RUBY

Cynthia Bond

The newest Oprah’s Book Club 2.0 selection

The epic, unforgettable story of a man determined to protect the woman he loves from the town desperate to destroy her, this beautiful and devastating debut heralds the arrival of a major new voice in fiction.

Ephram Jennings has never forgotten the beautiful girl with the long braids running through the piney woods of Liberty, their small East Texas town. Young Ruby Bell, “the kind of pretty it hurt to look at,” has suffered beyond imagining, so as soon as she can, she flees suffocating Liberty for the bright pull of 1950s New York.

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The newest Oprah’s Book Club 2.0 selection

The epic, unforgettable story of a man determined to protect the woman he loves from the town desperate to destroy her, this beautiful and devastating debut heralds the arrival of a major new voice in fiction.

Ephram Jennings has never forgotten the beautiful girl with the long braids running through the piney woods of Liberty, their small East Texas town. Young Ruby Bell, “the kind of pretty it hurt to look at,” has suffered beyond imagining, so as soon as she can, she flees suffocating Liberty for the bright pull of 1950s New York. Ruby quickly winds her way into the ripe center of the city—the darkened piano bars and hidden alleyways of the Village—all the while hoping for a glimpse of the red hair and green eyes of her mother. When a telegram from her cousin forces her to return home, thirty-year-old Ruby finds herself reliving the devastating violence of her girlhood. With the terrifying realization that she might not be strong enough to fight her way back out again, Ruby struggles to survive her memories of the town’s dark past. Meanwhile, Ephram must choose between loyalty to the sister who raised him and the chance for a life with the woman he has loved since he was a boy.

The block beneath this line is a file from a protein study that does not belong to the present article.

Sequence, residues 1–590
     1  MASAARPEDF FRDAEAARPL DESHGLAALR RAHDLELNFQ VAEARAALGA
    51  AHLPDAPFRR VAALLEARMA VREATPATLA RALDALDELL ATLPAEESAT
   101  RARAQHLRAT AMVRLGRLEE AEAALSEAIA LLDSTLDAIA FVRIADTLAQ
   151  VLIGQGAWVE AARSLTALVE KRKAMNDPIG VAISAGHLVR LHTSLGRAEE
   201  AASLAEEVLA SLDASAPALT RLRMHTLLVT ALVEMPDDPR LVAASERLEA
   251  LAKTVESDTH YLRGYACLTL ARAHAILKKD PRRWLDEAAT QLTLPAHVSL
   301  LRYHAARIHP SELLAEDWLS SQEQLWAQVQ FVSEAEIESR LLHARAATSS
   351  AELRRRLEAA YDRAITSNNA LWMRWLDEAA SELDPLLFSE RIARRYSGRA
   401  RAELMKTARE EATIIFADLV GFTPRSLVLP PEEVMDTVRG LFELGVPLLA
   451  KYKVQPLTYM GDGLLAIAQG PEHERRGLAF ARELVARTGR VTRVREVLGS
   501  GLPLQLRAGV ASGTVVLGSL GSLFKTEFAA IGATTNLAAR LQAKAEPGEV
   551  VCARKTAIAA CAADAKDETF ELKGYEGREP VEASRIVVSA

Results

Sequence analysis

Full of life, exquisitely written, and suffused with the pastoral beauty of the rural South, Ruby is a transcendent novel of passion and courage. This wondrous page-turner rushes through the red dust and gossip of Main Street, to the pit fire where men swill bootleg outside Bloom’s Juke, to Celia Jennings’s kitchen, where a cake is being made, yolk by yolk, that Ephram will use to try to begin again with Ruby. Utterly transfixing, with unforgettable characters, riveting suspense, and breathtaking, luminous prose, Ruby offers an unflinching portrait of man’s dark acts and the promise of the redemptive power of love.

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  • Hogarth
  • Paperback
  • February 2015
  • 368 Pages
  • 9780804188241

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$16.00

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About Cynthia Bond

Cynthia Bond has taught writing to homeless and at-risk youth throughout Los Angeles for more than fifteen years. She attended Northwestern University’s Medill School of Journalism, then moved to New York and attended the American Academy of Dramatic Arts. A PEN/Rosenthal Fellow, Bond founded the Blackbird Writing Collective in 2011. At present, Bond teaches therapeutic writing at Paradigm Malibu Adolescent Treatment Center. A native of East Texas, she lives in Los Angeles with her daughter.

Praise

Bond proves to be a powerful literary force, a writer whose unflinching yet lyrical prose is reminiscent of Toni Morrison’s.”

—O, The Oprah Magazine

“[A] dark and redemptive beauty… Bond’s prose is evocative of Alice Walker and Toni Morrison, paying homage to the greats of Southern gothic literature.”